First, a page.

DO you civilians understand that if he did some dumb things in the military and was given a discharge for it and I am just going to go out on a limb an say that he got either a dishonorable discharge or was given a General Discharge Under Honorable Conditions. Either way he was discharged for his actions of which I am sure he knew what he was doing because we all do when we are enlisted or commissioned in the armed forces. The only picture that I see is that he made a mistake and now you want the military to support him after his release and that is not how it goes in the military. The only wrong thing that I see at this time is that you are complaining about the rules of which he knew would get him in trouble and that is sad to me because it is obviously clear that most civilians do not understand the Military Code of Justice and it is not like our Civilian Counter Parts.


      June 2, 2011 at 10:57 am | Report abuse |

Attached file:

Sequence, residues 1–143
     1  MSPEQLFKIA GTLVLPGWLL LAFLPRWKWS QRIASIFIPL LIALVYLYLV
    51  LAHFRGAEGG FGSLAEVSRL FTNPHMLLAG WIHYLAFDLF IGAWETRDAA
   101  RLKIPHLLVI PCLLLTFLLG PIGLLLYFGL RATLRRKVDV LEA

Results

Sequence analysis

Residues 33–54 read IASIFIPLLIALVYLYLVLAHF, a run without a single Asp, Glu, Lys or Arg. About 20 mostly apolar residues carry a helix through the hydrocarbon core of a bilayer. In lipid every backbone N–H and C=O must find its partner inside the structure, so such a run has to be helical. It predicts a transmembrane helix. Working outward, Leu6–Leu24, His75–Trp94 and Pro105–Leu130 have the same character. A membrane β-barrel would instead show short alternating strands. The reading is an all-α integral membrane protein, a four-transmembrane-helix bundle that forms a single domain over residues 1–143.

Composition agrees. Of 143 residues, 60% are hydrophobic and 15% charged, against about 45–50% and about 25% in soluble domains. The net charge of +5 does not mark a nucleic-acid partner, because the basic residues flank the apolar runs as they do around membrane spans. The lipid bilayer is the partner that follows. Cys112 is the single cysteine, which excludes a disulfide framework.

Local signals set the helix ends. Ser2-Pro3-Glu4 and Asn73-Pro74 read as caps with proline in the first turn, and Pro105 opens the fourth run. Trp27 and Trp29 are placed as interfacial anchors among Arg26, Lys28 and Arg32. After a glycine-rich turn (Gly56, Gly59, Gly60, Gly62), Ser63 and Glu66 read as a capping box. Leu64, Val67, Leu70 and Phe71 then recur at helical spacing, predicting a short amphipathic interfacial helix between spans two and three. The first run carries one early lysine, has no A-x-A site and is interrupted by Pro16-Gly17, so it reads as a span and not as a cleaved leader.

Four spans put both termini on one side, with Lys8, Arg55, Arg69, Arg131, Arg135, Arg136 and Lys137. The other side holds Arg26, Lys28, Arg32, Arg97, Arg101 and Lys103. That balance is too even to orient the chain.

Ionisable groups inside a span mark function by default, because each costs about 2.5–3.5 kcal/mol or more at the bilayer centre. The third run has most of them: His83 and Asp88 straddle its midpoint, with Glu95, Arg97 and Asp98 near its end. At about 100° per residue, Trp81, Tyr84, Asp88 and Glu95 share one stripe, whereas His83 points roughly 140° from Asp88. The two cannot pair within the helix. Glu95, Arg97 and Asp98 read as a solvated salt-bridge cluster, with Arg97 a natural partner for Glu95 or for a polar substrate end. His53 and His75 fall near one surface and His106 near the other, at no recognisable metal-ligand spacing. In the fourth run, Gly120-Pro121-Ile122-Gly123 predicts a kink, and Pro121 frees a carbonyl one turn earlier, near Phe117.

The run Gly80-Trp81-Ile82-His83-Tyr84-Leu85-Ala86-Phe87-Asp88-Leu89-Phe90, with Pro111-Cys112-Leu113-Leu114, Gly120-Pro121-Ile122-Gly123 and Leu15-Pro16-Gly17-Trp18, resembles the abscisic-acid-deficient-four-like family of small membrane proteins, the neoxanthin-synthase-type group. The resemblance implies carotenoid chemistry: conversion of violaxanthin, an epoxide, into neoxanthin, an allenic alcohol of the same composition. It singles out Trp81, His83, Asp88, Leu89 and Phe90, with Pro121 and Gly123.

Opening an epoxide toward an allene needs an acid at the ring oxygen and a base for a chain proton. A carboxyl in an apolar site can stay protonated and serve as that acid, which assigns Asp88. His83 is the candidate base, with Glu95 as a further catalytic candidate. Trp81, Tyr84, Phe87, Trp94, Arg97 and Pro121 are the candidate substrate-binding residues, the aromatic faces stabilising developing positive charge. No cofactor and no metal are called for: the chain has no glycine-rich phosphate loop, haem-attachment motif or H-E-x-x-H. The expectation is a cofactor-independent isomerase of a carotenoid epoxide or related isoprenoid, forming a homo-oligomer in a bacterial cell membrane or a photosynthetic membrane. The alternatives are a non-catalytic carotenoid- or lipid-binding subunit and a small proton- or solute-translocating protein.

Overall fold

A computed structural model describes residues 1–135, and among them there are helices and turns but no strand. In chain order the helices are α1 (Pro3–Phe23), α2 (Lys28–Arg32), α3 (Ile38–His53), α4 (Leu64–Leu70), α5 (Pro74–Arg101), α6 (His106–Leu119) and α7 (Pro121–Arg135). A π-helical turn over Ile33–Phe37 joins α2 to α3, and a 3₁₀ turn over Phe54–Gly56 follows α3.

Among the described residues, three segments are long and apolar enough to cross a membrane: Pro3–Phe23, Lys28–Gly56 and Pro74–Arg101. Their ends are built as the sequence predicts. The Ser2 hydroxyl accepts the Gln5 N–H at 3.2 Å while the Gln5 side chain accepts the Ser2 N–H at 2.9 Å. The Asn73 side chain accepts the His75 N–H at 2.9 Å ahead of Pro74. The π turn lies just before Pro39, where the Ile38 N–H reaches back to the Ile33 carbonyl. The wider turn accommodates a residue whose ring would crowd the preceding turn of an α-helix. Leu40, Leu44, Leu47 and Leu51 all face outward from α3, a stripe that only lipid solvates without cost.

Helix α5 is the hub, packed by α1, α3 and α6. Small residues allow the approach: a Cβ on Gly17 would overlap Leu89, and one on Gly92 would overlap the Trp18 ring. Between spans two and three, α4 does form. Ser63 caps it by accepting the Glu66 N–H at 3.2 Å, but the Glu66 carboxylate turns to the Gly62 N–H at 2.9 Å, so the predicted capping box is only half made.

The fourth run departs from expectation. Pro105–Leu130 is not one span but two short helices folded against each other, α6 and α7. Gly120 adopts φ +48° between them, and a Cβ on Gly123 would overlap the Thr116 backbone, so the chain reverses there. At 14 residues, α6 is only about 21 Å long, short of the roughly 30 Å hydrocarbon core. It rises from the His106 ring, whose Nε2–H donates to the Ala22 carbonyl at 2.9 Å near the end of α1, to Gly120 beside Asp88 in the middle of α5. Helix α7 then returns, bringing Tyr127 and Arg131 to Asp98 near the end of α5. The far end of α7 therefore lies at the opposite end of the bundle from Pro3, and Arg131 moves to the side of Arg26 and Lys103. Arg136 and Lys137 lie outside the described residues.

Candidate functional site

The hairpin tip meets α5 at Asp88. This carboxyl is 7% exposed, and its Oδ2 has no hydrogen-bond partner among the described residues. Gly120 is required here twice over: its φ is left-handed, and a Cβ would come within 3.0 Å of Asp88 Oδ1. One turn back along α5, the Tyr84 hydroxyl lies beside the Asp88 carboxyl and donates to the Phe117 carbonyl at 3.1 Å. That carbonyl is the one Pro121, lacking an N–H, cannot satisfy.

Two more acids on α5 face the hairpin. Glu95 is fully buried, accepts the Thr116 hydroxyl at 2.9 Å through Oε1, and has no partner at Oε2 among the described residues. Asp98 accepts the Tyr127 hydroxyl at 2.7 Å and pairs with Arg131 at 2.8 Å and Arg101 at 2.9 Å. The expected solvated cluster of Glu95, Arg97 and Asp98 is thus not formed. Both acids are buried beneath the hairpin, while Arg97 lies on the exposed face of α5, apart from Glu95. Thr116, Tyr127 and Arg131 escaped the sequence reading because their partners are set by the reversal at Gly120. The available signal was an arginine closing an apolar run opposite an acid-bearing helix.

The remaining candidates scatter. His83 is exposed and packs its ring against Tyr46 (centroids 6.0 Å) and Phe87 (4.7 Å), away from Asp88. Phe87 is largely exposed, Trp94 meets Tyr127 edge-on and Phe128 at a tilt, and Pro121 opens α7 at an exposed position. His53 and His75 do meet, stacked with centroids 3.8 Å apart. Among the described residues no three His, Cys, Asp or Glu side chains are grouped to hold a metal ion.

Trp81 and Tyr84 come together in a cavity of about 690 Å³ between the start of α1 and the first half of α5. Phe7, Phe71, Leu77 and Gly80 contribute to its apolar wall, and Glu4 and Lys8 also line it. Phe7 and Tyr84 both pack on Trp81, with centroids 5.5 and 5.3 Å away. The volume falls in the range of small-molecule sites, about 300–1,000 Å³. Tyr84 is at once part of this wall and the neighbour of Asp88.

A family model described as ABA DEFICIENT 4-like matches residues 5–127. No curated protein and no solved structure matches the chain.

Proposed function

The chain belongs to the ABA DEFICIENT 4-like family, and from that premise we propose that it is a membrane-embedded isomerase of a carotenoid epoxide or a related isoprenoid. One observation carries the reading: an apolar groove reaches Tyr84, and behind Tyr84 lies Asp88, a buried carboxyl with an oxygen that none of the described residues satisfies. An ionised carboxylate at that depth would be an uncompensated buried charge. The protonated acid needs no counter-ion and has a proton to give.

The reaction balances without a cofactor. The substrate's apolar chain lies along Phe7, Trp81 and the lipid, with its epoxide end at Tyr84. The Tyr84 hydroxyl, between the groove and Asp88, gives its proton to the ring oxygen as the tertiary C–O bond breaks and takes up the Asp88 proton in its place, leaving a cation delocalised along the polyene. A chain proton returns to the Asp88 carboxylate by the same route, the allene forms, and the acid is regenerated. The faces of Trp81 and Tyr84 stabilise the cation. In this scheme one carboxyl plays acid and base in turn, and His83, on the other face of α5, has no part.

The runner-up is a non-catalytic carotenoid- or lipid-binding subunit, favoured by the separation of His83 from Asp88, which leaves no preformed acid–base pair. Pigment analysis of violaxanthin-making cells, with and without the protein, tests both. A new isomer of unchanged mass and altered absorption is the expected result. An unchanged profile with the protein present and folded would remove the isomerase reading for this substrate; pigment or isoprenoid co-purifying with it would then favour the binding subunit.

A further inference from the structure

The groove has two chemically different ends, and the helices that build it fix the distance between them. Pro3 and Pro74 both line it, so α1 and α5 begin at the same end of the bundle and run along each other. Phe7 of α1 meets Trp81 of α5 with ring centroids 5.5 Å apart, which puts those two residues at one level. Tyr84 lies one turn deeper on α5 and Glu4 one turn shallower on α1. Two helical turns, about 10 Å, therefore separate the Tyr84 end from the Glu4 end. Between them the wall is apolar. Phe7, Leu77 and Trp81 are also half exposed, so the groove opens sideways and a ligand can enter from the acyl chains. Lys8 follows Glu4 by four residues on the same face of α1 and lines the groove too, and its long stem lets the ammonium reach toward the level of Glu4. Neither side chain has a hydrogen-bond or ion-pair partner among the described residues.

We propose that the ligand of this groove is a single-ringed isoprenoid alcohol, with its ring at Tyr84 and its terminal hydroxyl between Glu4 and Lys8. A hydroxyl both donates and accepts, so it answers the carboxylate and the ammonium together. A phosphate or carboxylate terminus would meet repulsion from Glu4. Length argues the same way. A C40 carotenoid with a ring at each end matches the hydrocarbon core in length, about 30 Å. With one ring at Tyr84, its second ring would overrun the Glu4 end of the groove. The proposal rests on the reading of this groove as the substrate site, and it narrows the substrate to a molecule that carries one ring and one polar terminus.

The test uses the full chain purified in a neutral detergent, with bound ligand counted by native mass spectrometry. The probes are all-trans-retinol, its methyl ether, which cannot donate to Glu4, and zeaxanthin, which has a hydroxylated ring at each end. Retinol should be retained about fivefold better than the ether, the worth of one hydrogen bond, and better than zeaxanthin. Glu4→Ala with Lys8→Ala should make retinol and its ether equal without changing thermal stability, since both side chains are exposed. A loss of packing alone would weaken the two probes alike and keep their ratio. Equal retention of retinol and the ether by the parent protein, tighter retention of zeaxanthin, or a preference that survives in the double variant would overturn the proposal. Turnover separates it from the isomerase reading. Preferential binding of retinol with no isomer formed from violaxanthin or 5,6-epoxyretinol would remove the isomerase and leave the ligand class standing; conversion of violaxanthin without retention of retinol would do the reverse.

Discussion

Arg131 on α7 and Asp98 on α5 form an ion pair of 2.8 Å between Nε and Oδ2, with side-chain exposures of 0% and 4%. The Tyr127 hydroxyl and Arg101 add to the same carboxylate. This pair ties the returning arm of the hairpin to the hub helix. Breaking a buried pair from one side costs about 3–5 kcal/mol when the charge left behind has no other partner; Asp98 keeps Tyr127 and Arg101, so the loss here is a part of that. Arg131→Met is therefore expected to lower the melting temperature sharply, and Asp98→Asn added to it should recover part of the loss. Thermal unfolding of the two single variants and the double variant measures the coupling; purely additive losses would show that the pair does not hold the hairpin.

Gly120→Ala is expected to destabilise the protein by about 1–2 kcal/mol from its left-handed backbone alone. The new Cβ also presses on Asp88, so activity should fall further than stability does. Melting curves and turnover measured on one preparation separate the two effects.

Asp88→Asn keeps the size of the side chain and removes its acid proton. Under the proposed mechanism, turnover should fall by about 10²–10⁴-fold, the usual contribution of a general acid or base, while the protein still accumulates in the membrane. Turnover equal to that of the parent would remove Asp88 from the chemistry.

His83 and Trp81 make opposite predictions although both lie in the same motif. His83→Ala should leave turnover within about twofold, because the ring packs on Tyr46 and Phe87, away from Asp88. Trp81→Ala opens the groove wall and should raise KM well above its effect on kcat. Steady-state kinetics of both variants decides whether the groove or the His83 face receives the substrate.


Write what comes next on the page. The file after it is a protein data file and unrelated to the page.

4. glenn robert

    WETFUSE13485: You understand the rules but have no empathy! PTSD makes people do strange things like kill themselves. 18 a day is the latest statistic of suicides among returning soldiers. They deserve better care and understanding. The numbers from Vietnam are in. Over 100,000 suicides with 58,000 combat deaths. We are just seeing the start of the problem from Iraq and Afganistan.

    June 5, 2011 at 2:51 am | Report abuse |
  5. RamyB

    Horrible that the military does nothing to prevent suicide in the military, I was hazed and harassed because of my family's Muslim background and to this day, still suffer major depressive disorder, anxiet, PTSD, and have an extremely hard time maintaining relationships due to my mental injury! I was never apologized to, instead while still serving, I tried to speak out to get help for my desire to not live, instead my sergeant major told me that if I did not kill myself, he would do it for me. I am no longer in the military but still suffer daily from major depressive disorder and I think if I would at least have some apology, then maybe my mind would be put at ease , also to know that others would not be subjected to what I was put through may also help me move on with my life, and also help me live without fear! Sad that the military is not helping soldiers or vets who suffer as I have and need help with recovery from mental illness before they commit suicide

    July 6, 2012 at 2:27 am | Report abuse |